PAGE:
Sunday afternoon I took a stroll to a retail strip near my home. There, I saw a young Girl Scout with her dad selling her cookies. She held a large pink cookie sign in her hands, put on a pleasant smile and gave “the ask”— “Would you like to buy some Girl Scout cookies, today?” It was hard to say “no, thank you”.
My first thought was, “she kinda missed the season”. Girls Scouts in my area generally sell their cookies in late January or early February. It’s late April and she still had plenty of boxes to tempt passersby.
But then, another thought struck me. “She’s pretty smart, keeping her cookies until everyone’s given up on their New Year’s resolutions to lose weight.” I never could understand why the Girl Scouts sold cookies at that time of year, when dieting is at the forefront of everyone’s mind right after the New Year.
This made me think a little harder about “missing the season” in regards to donors. We send direct mail, emails, postcards maybe even venture a phone call to ask donors to join us in our mission at the same time other non-profits are also asking (4th quarter appeals).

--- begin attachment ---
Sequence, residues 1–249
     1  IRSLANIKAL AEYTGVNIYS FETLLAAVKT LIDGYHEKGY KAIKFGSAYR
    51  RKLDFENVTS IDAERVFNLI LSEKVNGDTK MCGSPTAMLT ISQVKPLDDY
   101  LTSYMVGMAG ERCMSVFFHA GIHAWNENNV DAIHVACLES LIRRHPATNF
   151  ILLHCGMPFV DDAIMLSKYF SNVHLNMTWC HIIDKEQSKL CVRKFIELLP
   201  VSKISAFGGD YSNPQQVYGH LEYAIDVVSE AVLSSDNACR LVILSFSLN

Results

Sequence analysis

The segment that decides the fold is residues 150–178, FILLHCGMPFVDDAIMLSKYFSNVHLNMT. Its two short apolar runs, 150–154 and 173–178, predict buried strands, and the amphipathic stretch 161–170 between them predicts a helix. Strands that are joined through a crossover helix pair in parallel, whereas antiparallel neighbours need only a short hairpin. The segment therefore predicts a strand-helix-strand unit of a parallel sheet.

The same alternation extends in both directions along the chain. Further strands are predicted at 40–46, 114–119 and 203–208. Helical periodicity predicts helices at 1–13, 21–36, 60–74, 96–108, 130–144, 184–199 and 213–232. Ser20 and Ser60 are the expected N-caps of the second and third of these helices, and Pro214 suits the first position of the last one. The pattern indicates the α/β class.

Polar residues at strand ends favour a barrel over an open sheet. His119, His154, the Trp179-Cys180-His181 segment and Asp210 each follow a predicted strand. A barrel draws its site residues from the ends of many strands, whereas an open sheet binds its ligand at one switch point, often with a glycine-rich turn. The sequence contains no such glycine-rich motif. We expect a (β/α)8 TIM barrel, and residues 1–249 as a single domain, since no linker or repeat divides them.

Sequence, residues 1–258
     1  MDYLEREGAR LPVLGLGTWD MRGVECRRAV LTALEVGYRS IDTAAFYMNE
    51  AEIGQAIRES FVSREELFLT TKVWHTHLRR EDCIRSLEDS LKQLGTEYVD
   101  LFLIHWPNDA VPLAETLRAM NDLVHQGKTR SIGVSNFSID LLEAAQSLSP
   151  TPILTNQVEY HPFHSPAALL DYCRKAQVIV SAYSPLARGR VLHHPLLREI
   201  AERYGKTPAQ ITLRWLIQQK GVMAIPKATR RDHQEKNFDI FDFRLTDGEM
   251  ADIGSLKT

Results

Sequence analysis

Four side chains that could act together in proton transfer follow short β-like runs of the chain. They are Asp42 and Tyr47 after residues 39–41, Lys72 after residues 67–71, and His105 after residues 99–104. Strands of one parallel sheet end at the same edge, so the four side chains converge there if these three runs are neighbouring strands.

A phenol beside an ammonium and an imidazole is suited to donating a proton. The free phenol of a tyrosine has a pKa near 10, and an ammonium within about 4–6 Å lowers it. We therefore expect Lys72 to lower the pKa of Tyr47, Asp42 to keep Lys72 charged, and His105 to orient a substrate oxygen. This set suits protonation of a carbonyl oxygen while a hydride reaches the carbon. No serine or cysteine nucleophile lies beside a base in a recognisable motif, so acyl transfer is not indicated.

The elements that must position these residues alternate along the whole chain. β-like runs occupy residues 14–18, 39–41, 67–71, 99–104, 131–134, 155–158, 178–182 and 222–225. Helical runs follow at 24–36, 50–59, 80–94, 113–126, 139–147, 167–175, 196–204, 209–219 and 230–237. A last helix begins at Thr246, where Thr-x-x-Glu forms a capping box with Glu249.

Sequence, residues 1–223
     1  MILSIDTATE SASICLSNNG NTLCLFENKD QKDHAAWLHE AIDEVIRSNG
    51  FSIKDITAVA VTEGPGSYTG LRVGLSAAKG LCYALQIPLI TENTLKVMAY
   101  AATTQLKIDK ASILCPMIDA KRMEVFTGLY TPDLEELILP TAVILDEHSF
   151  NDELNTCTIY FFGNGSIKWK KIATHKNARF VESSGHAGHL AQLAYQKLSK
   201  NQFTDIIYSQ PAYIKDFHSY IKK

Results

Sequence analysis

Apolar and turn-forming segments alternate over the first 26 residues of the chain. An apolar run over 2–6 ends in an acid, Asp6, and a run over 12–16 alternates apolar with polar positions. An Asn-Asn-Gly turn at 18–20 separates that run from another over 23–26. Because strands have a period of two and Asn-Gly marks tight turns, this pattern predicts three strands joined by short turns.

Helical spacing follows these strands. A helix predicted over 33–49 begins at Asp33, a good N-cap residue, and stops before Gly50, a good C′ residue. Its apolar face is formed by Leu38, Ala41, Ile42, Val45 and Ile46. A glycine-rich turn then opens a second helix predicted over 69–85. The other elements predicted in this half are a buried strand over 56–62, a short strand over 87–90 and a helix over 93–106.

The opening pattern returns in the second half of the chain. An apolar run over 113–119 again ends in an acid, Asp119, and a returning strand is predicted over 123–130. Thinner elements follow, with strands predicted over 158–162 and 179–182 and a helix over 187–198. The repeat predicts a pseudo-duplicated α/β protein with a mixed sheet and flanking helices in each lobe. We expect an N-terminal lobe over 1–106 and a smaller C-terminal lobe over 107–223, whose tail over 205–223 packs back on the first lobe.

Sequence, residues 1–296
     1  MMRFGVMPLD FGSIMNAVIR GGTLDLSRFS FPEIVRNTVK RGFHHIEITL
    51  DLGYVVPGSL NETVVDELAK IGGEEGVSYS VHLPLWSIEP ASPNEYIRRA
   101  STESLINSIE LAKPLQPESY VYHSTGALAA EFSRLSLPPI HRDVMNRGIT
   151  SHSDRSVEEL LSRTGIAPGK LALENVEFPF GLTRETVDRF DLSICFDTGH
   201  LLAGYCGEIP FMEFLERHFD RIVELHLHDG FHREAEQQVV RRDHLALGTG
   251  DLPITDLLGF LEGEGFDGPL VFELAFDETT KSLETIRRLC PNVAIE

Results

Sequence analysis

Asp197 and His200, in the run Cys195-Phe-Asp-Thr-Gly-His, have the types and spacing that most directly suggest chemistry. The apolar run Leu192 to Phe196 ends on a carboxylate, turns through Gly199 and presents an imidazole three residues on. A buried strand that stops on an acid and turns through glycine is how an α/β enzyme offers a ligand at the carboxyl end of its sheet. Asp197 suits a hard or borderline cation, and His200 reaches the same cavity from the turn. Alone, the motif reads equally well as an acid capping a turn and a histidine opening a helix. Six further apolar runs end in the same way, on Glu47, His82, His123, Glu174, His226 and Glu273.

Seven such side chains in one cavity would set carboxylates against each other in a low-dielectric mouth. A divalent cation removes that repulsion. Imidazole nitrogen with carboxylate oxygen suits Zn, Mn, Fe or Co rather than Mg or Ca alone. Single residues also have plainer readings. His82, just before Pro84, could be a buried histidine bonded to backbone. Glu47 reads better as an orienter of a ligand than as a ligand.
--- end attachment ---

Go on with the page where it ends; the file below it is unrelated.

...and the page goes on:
There’s nothing wrong with 4th quarter appeals. Usually they are the workhorse that brings in the most funds for our organizations. I value these appeals as they are tried and true and a great asset to most non-profits!
What I’m trying to say is, what about the donor that didn’t give then? Maybe we should try “out of season” to reach that past donor that didn’t give again in the 4th quarter. Maybe we’ll stand out now, when all the other organizations are not vying for their attention.
All the “experts” agree—it’s a lot more economical to retain a donor than to get new ones. Reaching out to lapsed donors is certainly easier than attracting new ones. They gave to your organization for a reason. Why not call them and find out what motivated them to give in the first place?
This brings to mind the scripture “be prepared in season and out of season” (2 Timothy 4:2). It’s a good admonition for sharing the good news about Jesus, and about the work of your organization.
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Photo Credit: Marlt & Toomas Hinnosaar